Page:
Bahia de Banderasmanta ray

Why are there mantas in Bahia de Banderas, Mexico?.

Mantas are highly mobile organisms and thus can be very difficult to find and study; however, in Mexico they frequent the Pacific Coast, especially Bahia de Banderas. As stated by Stewart et al. (2014)[1], Proyecto Manta has been monitoring the mantas in the area since August 2013, and we have observed densities as high as 20 mantas per hour in a 500m stretch of coastline, which is an incredibly high number compared with other hotspots around the world where the same number of mantas may not be observed in an entire day. This raises the question: Why is this location so special for mantas?

There may be different explanations, including that mantas use Bahia de Banderas for reproduction, feeding purposes or to pass through on a migratory route. Stewart & Aburto (2014)[2] found that one manta tagged in Bahia de Banderas travelled along the Mexican Pacific coast over six months, coming to Bahia de Banderas in August and again from December through February. This suggests that Bahia de Banderas is not simply one stop along a migratory route, and there may be other factors, such as food availability, that attract them to the area.
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Bahia de Banderas represents a very important ecosystem in the Mexican Pacific. A diverse assemblage of large marine vertebrates makes use of the high food availability and other oceanographic factors that provide an ideal habitat within the bay[3]. We have observed mantas feeding during several of our surveys; therefore, we hypothesize the reason mantas gather in large numbers in this relatively small area is because this is a feeding ground. Our objective is to determine if a relationship exists between food availability and manta presence and abundance.

Food availability in the ocean is regulated by nutrient inputs that support phytoplankton communities and in turn lead to increased zooplankton abundance, the primary food source for mantas. In Bahia de Banderas these nutrient inputs are associated with a process called upwelling, which brings deep water, rich in nutrients, to the surface. Environmental variables such as temperature and salinity are good indicators for nutrient-rich water inputs. These variables are easily measured with a CTD (Conductivity-Salinity, Temperature and Depth). Deep water in Bahia de Banderas is cold (< 28 °C) and salty (> 34.2)[4], thus high nutrient waters can be identified by the combination of these properties in the CTD data. On the other hand, cold and fresh water, associated with river discharges, does not necessarily mean it is high in nutrient availability.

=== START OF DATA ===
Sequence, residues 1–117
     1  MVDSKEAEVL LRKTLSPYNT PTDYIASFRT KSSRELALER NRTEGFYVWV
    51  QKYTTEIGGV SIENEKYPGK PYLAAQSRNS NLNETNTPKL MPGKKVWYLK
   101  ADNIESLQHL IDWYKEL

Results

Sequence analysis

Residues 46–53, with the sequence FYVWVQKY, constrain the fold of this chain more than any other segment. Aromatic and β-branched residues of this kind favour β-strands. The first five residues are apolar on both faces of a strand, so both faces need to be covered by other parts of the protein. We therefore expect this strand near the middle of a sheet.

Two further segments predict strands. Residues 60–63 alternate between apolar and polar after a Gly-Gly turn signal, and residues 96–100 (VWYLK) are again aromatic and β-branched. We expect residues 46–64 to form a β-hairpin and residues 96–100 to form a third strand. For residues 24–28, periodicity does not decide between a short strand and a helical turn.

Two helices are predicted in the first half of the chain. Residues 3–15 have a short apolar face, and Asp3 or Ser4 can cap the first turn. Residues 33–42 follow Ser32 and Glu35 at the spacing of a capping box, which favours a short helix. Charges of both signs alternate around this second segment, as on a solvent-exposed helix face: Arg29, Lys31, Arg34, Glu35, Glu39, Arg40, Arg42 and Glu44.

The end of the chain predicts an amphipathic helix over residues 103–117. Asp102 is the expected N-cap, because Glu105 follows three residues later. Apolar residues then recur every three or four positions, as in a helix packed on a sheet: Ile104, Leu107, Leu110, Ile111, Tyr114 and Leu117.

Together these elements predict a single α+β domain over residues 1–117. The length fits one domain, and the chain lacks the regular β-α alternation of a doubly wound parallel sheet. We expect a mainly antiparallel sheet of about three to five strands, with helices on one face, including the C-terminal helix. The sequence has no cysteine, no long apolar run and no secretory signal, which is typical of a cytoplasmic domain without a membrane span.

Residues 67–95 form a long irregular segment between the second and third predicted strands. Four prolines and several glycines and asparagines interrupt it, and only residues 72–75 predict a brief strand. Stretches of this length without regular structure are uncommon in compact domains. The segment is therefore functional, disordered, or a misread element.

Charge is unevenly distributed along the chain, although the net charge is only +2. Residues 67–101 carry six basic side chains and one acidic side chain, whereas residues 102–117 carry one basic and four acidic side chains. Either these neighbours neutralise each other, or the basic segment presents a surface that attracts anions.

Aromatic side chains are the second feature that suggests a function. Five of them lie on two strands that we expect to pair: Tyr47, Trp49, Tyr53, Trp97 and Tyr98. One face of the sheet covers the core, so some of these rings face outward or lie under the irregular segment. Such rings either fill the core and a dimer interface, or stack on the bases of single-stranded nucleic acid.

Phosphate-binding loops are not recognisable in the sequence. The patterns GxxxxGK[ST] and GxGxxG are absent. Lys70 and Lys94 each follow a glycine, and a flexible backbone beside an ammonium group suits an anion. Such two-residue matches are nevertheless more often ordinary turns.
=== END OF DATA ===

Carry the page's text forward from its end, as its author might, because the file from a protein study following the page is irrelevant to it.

Major findings: Manta presence is likely related to upwelling events and thus with food availability. This suggests that Bahia de Banderas is an important location for mantas due to its characteristics as a feeding ground, which may explain the very high abundances we have recorded. We require further information to test this hypothesis with more robust data, and Proyecto Manta will keep monitoring the area in order to gather sufficient data to draw strong conclusions on the patterns associated with manta presence and abundance.

Students: Aldo Zavala, Iliana Fonseca, Santiago Domínguez, Ramiro Gallardo, Ceci González


Alfredo Girón-Nava, Josh Stewart, Antonio Ruiz-Sakamoto, Octavio Aburto-Oropeza

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Special thanks to Dr. Héctor Bustos for the logistic support provided for data collection.

How to cite this story:

Alfredo Girón-Nava, Josh Stewart, Antonio Ruiz-Sakamoto, Octavio Aburto-Oropeza (2015): Why are there mantas in Bahia de Banderas, Mexico?. dataMares. InteractiveResource.


1. Stewart, J.D., et al. 2014. Monitoring Manta Rays in Bahia de Banderas, Mexico. DataMares. InteractiveResource.

2. Stewart, J.D. & Aburto, M. 2014. Tracking Mantas in Pacific Mexico.DataMares. InteractiveResource.

3. Sánchez-González, S. 2000. Ictiofauna de la Bahía de Banderas Nayarit, Jalisco y zonas adyacentes, México. 1-15.

4. Castro, R., et al. 2006. Thermohaline variability and geostrophic circulation in the southern portion of the Gulf of California. Deep-Sea Research: Part I. 53:188-200.